Former California congressman Frank Riggs has a narrow lead in the Republican primary for Arizona superintendent of public instruction, based on votes counted so far from last Tuesday's election.
But as of Monday evening, Grand Canyon University instructor Bob Branch was trailing Riggs by just 295 votes. A recount will automatically occur if the margin of victory drops to 200 votes or fewer, according to Arizona law.
The incumbent superintendent, Diane Douglas, has been stuck in third place. She was about 3,000 votes behind Branch, according to the ballots counted as of Monday.
Also competing in the Republican primary are Tracy Livingston and Jonathan Gelbart, who fell behind Douglas with 20 percent and 15 percent of the vote, respectively.
These four Republicans, as well as apparent Democratic nominee Kathy Hoffman, are jockeying to replace Douglas, who was widely viewed as a vulnerable candidate in her bid for re-election.
Douglas was elected by a slim margin in 2014 over David Garcia, now the Democratic nominee for governor. She also was criticized during the teachers' strike for her menacing statements about investigating educators who walked out of classrooms in April.
Another weak Republican incumbent toppled in Tuesday's primary was Secretary of State Michele Reagan – she lost in a landslide to first-time candidate Steve Gaynor.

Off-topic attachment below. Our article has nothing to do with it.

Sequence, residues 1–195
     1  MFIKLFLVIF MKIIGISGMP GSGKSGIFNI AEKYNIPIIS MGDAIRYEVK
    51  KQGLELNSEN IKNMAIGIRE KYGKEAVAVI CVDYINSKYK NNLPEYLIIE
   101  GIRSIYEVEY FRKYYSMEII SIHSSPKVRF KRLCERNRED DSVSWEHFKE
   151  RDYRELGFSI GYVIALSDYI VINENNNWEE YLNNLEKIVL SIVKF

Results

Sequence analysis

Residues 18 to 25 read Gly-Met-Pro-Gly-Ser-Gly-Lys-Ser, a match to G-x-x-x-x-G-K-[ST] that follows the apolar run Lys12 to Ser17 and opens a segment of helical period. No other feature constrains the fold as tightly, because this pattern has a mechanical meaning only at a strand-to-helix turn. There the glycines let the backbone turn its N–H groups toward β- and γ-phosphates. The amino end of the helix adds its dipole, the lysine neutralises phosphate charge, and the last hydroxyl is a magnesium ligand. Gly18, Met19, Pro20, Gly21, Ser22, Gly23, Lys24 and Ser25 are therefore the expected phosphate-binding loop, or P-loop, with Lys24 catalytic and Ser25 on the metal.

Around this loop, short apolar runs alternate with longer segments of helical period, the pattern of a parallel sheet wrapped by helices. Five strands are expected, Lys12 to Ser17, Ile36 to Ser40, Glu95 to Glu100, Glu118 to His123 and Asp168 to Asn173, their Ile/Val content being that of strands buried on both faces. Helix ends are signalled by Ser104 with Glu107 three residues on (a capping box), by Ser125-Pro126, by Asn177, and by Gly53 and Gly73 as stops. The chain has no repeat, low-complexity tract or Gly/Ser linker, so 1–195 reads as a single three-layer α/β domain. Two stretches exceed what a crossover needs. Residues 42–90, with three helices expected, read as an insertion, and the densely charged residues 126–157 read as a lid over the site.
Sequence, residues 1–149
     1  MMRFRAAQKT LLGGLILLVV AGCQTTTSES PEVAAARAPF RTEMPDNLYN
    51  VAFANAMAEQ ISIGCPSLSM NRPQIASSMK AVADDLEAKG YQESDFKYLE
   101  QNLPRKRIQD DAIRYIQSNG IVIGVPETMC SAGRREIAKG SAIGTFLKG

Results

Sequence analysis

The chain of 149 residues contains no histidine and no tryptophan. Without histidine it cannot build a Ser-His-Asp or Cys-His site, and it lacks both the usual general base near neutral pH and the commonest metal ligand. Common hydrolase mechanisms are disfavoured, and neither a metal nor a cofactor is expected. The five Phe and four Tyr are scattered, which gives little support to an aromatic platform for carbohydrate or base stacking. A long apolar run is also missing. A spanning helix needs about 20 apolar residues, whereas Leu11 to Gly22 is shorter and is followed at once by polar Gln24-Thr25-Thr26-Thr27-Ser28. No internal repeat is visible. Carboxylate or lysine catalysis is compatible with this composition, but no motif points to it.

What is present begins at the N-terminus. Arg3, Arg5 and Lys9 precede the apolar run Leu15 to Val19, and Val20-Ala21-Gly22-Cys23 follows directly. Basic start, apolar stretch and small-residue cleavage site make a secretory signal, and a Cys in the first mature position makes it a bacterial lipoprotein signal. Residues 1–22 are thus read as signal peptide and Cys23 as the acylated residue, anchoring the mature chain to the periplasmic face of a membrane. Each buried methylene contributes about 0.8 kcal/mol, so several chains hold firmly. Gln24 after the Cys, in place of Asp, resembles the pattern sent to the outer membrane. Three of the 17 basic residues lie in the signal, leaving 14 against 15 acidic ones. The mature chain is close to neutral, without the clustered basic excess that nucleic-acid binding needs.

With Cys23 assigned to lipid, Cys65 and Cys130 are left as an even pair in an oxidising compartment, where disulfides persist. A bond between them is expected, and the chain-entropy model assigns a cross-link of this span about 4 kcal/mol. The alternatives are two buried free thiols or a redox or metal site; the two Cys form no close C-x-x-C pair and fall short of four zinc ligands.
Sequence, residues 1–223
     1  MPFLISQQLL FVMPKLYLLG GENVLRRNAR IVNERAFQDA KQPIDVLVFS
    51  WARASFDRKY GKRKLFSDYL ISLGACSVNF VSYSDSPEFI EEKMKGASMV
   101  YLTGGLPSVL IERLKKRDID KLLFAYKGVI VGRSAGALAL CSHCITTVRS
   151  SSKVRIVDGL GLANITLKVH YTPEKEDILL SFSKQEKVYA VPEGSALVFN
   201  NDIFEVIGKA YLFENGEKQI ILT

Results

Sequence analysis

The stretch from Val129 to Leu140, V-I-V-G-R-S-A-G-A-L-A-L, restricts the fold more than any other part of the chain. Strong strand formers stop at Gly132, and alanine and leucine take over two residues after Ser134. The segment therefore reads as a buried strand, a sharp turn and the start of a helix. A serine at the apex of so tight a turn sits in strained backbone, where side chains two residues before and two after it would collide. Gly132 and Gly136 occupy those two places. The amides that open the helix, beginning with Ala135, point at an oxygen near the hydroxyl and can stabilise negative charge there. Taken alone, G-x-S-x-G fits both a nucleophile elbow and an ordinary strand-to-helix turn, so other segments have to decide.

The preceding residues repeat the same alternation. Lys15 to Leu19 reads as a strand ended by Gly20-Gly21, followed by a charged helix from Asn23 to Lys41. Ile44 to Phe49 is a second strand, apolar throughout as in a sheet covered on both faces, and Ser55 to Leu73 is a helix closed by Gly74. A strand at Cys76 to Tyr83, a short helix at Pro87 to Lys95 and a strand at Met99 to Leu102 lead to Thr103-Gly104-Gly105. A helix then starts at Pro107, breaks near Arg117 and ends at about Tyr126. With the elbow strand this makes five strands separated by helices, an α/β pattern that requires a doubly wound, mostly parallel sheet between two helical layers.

A conservative who advocates increased parental involvement at the Department of Education, Riggs has been heavily involved in charter schools ever since the system was developed in 1990s.
Riggs represented California's First District from 1991 to 1993, and later from 1995 to 1999. As a congressman, he authored the 1998 Charter School Expansion Act, which outlined increased federal financial support for charter schools.
He declined to run for re-election in 1998, opting to run for Senate instead. However, Riggs lost in the Republican primary to challenge incumbent Barbara Boxer.
Riggs served as the CEO of the nonprofit Charter Schools Development Corporation, which helps newly established charter schools finance and manage their growth. He was also the founding board president of Arizona Connections Academy, an online charter school.
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This is not his first foray into Arizona politics. Riggs ran in the 2014 Republican gubernatorial primary, finishing in last place with just 4.5 percent of the vote.
In the Democratic primary, political novice Hoffman edged out longtime politician David Schapira. Schapira, a former Tempe councilman and state legislator, bowed out and later endorsed Hoffman in a Facebook post.
Hoffman is a 32-year-old speech therapist. She worked in the Peoria Unified School District until May, at which time she left her job to campaign full-time.
Clarification: This article has been updated to state the reason why Riggs did not run for re-election in 1998. He chose to run for Senate in California instead.